A Few Dim Characters

Most of the scoffers at our idea of public relations will be egocentric people who are convinced that the only sensible way to go through life is by getting their own way, getting the best of every bargain, grabbing credit for everything they or their fellow-workers do, getting ahead at the expense of other people.

They are the people who absorb like sponges all the compliments you give them; people who always let you reach for the check; people who criticize, but resent criticism; people who demand attention but never volunteer a service. They are wrapped up in themselves and their wants. When fortune smiles on them and their colleagues and neighbours perform in a satisfactory “giving” way, they are urbane and boastful.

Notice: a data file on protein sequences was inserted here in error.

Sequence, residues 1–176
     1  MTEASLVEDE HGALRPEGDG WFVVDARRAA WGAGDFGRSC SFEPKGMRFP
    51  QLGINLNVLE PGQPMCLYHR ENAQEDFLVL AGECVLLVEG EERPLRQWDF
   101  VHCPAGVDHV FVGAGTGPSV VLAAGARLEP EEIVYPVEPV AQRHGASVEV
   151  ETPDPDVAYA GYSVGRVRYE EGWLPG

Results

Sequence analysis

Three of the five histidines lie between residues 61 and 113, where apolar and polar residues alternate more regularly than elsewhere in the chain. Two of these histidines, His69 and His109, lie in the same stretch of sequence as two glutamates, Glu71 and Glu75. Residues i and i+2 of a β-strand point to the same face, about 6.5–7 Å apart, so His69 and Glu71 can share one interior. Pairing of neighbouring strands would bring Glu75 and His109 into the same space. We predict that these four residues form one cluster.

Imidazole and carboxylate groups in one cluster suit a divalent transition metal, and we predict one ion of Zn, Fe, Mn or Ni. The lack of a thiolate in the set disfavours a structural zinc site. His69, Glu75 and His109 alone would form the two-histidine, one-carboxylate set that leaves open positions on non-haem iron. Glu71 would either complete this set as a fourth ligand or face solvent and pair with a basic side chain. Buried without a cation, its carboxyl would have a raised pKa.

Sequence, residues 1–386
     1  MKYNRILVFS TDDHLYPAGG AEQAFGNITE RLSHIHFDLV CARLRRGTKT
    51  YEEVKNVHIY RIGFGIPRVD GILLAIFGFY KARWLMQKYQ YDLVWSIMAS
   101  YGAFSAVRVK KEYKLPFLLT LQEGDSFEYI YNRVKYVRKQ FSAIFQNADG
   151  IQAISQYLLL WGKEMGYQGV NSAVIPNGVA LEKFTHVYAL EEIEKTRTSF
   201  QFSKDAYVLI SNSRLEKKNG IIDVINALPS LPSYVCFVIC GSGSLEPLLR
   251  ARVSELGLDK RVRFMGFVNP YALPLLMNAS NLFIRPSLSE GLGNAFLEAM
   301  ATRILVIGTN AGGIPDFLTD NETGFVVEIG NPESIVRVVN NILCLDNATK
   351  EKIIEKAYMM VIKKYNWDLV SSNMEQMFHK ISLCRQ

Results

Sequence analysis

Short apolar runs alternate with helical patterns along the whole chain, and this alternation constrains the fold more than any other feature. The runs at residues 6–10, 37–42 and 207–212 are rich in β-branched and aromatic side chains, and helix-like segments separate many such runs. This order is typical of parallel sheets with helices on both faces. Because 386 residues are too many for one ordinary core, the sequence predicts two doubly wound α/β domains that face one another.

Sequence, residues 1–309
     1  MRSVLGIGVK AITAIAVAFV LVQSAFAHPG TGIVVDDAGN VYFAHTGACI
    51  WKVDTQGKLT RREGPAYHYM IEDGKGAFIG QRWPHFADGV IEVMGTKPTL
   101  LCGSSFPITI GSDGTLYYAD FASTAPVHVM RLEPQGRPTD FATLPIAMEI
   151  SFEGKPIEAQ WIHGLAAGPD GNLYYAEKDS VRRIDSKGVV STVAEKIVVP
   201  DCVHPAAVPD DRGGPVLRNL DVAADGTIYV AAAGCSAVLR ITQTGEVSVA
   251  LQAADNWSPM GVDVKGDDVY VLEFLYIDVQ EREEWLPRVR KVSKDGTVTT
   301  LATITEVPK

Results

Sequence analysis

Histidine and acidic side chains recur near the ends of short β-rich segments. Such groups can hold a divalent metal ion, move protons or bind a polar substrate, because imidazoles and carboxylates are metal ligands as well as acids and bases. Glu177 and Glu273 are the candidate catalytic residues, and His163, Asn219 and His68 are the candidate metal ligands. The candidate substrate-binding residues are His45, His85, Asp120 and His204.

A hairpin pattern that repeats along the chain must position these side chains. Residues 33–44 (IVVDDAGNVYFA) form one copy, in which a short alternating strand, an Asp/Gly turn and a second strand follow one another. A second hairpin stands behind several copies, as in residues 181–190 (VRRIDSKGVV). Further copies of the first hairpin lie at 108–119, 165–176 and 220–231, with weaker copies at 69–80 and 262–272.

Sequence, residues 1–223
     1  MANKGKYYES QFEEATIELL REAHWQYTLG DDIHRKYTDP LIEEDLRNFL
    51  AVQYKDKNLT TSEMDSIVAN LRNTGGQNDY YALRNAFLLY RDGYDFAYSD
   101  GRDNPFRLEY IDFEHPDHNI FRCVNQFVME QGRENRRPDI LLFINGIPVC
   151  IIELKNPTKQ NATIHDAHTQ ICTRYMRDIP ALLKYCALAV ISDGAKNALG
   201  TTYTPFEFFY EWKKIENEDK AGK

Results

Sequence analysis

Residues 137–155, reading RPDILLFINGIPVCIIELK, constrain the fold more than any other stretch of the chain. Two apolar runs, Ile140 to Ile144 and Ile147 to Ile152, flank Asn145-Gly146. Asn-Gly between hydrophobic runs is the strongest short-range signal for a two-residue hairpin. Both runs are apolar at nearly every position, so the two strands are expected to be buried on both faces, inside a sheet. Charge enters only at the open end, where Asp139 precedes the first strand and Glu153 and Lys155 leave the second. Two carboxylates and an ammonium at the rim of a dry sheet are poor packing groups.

The self-centred person is an unpleasant personality, quite unfitted for public relations. To paraphrase Nietzsche, he is a slave to himself, so cannot be a friend to others; he is a tyrant over his neighbours, so cannot have friends.

The fault-seeing person is another warped character. His excessive criticism creates tension and builds unhappiness. The fault-finder harps so much on what is wrong with his acquaintances that they avoid him; he criticizes the state of the universe without doing anything effectively to better it. He may not be dishonest, or stupid, or shallow-minded, but he certainly is going the wrong way about bettering his public relations.